Do you prefer your Phillips with one or two Ls, or your Anns with an e?
With the ONS revealing the most popular baby names of the year so far, it has become clear that parents are favouring more unusual spellings of names. For instance, the first name Jaxon has overtaken the more traditional spelling of Jackson for the first time.
While new parents might increasingly be fans of this spelling, a new YouGov Omnibus survey reveals that only 4% of Britons like Jaxon over Jackson. By contrast, 87% prefer the traditional spelling, while the remaining 9% have no preference.
The results form part of a wider survey on which variations of common names people prefer.
Among male names, the Jackson/Jaxon divide is the joint largest, alongside Joe vs Jo where 87% prefer the former and 4% the latter.
At the other end of the scale, the name variation that Britons are most evenly split on is Jerry vs Gerry. More than four in ten people (43%) prefer Jerry-with-a-J, while three in ten (30%) prefer Gerry-with-a-G.
The spelling of Gerry/Jerry does divide the generations, however, with the youngest Britons (18-24 year olds) favouring the J-version by 61% to 21% while the eldest Brits (those aged 65 and older) prefer the G-version by 41% to 27%.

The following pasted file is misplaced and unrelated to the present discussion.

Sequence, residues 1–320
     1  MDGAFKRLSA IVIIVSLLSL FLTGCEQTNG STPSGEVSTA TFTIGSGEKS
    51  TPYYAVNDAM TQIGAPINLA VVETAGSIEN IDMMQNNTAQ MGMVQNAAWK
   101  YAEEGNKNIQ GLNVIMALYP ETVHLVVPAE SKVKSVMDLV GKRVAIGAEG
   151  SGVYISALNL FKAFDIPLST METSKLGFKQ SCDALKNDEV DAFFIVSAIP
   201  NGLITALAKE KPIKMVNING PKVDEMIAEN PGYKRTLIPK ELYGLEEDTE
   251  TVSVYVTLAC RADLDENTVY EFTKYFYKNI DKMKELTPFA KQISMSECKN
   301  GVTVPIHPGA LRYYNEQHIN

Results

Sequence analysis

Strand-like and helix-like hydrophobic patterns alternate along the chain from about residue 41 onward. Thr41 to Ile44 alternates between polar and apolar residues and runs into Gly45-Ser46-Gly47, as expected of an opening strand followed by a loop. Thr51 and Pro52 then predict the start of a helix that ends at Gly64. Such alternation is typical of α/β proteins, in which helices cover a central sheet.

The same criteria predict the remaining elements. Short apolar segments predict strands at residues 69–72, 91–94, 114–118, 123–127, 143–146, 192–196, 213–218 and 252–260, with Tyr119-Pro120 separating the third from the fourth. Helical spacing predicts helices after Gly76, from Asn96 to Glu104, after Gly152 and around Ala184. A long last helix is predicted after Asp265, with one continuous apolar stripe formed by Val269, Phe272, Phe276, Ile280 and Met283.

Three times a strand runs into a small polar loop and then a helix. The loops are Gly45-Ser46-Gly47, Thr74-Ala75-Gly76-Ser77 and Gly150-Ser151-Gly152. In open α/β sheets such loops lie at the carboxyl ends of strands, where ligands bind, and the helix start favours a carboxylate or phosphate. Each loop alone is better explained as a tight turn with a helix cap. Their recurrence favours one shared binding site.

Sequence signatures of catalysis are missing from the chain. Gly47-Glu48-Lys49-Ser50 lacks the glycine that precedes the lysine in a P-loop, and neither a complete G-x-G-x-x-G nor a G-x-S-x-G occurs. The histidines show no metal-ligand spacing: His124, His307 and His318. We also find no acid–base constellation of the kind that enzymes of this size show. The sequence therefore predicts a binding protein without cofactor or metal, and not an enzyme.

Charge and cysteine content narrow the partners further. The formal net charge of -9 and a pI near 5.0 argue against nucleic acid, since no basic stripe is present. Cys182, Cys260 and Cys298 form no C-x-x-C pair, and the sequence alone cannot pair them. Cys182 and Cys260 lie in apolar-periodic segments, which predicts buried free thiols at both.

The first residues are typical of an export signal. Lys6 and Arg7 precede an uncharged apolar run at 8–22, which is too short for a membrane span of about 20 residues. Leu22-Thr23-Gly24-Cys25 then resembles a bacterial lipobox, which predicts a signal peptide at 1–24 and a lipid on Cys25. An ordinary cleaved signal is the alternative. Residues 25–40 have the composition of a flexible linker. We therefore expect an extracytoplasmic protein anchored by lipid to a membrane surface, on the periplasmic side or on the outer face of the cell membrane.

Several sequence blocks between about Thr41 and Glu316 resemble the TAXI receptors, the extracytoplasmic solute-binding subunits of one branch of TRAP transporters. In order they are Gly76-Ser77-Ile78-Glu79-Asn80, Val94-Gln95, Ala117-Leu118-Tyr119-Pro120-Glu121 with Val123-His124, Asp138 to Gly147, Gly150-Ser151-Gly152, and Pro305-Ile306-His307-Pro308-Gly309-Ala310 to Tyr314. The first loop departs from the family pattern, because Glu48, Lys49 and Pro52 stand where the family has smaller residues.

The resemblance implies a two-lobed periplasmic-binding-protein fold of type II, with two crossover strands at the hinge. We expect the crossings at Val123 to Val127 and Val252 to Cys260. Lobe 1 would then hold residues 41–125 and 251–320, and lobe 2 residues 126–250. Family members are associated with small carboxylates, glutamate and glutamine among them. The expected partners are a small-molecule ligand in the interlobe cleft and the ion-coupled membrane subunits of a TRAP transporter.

The number of Ls people prefer to see in Phillip/Philip also differs depending on age. While 18-24 year olds prefer a double-L Phillip by 64% to 20%, among the 65+ year olds this split is much more even at 39% for single-L Philip to 34% for double-L Phillip.
Among female names it is Rebecca/Rebekah that Britons are most unanimous on – 83% prefer the variant ending –cca while only 6% favoured the –kah version. Other one-sided preferences include Natalie (81%) vs Nathalie (7%) and Kim (80%) vs Kym (7%).
The most even divide comes with Lindsey vs Lindsay – 45% prefer Lindsey-with-an-e compared to 31% for Lindsay-with-an-a.
Younger people prefer their Annes with an e – 70% of 18-24 year olds favour Anne over her e-less counterpart Ann, while only 12% hold the opposite view. By contrast, only 43% of those aged 65+ prefer Anne-with-an-e, while 27% prefer Ann.
Another female name that splits the generations is Deborah/Debra. While Deborah is the preferred form among all ages, the proportion of 18-24 year olds who prefer Debra is much higher at 27% compared to only 11% of 65+ year olds.